There’s some encouraging news in the ongoing struggle to control health care costs without sacrificing quality.
The Alternative Quality Contract, a global payment model put in place by Blue Cross Blue Shield of Massachusetts in 2009, has both curbed costs and improved the quality of care, according to a Harvard Medical School study published today in the journal Health Affairs.
Global payments, a lump sum to cover all the care of a defined group of patients, are viewed by many experts as a cost-effective alternative to the traditional fee-for-service system.
Massachusetts enacted sweeping state health reforms in 2006 considered by many to be a prototype of the 2010 federal health law, and it is now experimenting with equally dramatic measures to rein in health care spending. The AQC is very similar to the Affordable Care Act’s Pioneer Accountable Care Organization contracts – a part of the Medicare shared-savings program.
In the state version, 11 health care provider groups were given a fixed budget to care for patients covered by BCBSMA insurance. If the providers stayed under budget, they were given bonuses. If they went over, they had to eat those costs.
After studying data from Blue Cross Blue Shield’s claims and comparing them to claims from doctors not participating in the AQC, the researchers found that – during the second year – providers participating in the global payment system spent an average of 3.3 percent less than the other groups. Those providers who came from traditional fee-for-service contract models achieved the greatest savings – as much as 9.9 percent in year two.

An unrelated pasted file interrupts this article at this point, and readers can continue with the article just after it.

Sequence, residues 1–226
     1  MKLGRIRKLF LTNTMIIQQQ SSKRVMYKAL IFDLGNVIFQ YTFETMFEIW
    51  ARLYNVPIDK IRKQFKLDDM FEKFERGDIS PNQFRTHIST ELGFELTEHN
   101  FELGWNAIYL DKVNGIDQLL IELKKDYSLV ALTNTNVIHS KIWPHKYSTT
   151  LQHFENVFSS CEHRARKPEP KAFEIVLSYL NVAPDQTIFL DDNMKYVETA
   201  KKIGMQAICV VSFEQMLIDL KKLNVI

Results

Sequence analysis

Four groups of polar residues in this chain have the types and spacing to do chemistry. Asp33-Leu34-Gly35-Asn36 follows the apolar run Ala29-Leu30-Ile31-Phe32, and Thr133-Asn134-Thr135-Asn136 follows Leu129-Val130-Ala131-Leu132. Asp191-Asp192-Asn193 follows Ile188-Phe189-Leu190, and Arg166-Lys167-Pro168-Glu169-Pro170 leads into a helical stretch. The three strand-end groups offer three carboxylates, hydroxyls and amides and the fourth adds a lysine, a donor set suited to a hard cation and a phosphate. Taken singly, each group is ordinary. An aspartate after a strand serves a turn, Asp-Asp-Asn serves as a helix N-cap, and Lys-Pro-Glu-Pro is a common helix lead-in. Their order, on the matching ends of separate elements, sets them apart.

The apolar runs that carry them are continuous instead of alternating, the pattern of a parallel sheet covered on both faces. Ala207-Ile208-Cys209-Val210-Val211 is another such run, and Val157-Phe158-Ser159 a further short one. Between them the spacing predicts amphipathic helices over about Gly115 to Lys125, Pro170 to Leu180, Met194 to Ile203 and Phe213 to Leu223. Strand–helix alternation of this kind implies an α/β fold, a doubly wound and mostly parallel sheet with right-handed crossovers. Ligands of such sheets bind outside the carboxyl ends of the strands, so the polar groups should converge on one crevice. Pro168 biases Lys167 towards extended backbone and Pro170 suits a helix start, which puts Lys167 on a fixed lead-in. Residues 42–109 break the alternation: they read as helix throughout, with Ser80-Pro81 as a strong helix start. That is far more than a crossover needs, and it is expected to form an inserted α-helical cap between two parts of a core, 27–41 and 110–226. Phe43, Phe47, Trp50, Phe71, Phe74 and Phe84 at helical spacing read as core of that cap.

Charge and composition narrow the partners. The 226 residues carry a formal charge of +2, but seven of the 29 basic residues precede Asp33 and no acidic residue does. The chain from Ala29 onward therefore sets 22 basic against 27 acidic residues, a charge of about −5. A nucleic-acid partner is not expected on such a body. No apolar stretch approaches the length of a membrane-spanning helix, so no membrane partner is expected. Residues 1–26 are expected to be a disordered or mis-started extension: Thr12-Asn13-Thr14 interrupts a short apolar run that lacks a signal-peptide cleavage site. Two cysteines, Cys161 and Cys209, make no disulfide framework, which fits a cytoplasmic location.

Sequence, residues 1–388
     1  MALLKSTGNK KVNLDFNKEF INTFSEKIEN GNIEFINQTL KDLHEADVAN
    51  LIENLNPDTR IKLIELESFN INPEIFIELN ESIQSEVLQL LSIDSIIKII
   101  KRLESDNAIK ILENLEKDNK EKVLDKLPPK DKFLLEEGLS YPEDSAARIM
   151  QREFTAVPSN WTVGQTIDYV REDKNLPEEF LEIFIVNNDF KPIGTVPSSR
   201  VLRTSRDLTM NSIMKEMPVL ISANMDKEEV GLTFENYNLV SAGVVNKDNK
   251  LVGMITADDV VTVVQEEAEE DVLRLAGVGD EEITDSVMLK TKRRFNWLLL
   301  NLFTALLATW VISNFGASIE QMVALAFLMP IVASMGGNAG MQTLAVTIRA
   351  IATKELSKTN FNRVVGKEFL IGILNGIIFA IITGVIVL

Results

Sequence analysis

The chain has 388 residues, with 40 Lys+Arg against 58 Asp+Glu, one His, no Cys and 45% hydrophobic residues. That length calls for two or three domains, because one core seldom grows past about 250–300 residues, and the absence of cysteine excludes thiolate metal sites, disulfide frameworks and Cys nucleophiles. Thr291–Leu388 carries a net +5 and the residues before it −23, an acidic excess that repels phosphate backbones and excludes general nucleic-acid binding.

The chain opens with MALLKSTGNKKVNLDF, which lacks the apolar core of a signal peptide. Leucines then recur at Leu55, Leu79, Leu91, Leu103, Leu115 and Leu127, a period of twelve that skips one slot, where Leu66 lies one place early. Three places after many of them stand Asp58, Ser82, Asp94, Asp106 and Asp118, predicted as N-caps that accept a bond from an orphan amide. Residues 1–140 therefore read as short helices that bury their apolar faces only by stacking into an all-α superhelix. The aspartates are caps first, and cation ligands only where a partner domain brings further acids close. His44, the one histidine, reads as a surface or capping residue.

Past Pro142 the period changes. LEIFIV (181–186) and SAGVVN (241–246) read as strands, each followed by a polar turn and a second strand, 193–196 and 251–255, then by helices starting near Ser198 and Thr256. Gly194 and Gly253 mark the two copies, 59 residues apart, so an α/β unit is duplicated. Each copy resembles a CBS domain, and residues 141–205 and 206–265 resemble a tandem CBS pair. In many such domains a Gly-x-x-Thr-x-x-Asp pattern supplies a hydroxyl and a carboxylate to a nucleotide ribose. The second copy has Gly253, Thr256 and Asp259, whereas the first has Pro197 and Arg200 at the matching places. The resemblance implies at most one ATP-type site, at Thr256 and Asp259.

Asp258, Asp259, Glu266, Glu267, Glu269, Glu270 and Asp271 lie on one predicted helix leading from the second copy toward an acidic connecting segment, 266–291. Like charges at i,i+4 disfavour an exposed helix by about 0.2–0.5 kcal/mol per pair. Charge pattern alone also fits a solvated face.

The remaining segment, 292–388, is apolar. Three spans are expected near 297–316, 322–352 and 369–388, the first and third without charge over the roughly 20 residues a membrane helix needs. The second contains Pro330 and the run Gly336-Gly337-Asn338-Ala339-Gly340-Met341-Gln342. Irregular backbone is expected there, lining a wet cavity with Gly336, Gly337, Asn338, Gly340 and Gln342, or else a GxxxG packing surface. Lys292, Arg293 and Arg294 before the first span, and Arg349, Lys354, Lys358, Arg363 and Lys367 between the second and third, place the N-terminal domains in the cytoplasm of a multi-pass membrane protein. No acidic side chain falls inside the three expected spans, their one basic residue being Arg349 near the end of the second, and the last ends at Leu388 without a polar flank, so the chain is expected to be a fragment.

The study also found the participating provider groups achieved quality improvements in chronic care management, pediatric care and adult preventive care, especially in year two.
“If these results and improvements continue, the health care system can be put on a sustainable path,” said Michael Chernew, the senior author of the study, which was paid for by the Commonwealth Fund.
Chernew noted that the findings about the quality of care in the AQC may not be conclusive because “quality measurement is an evolving field.”
For example, he said, one of the main ways providers within the AQC cut costs was by reducing the amount of imaging they did. Chernew said he “can’t say precisely” whether this means they were reducing wasteful imaging or whether they cut back on imaging procedures that could have improved care.
But, he said, the study provides at least some hope that it is possible to rein in the rapidly metastasizing costs of health care without providing a substandard product to patients.
“One way or another, we’re going to have to control spending,” Chernew said. “We as a country simply can’t move forward with the budget trajectory that we’re on. … How will providers respond? Can providers survive in a world where [health care spending] rises more slowly? Our study is optimistic.”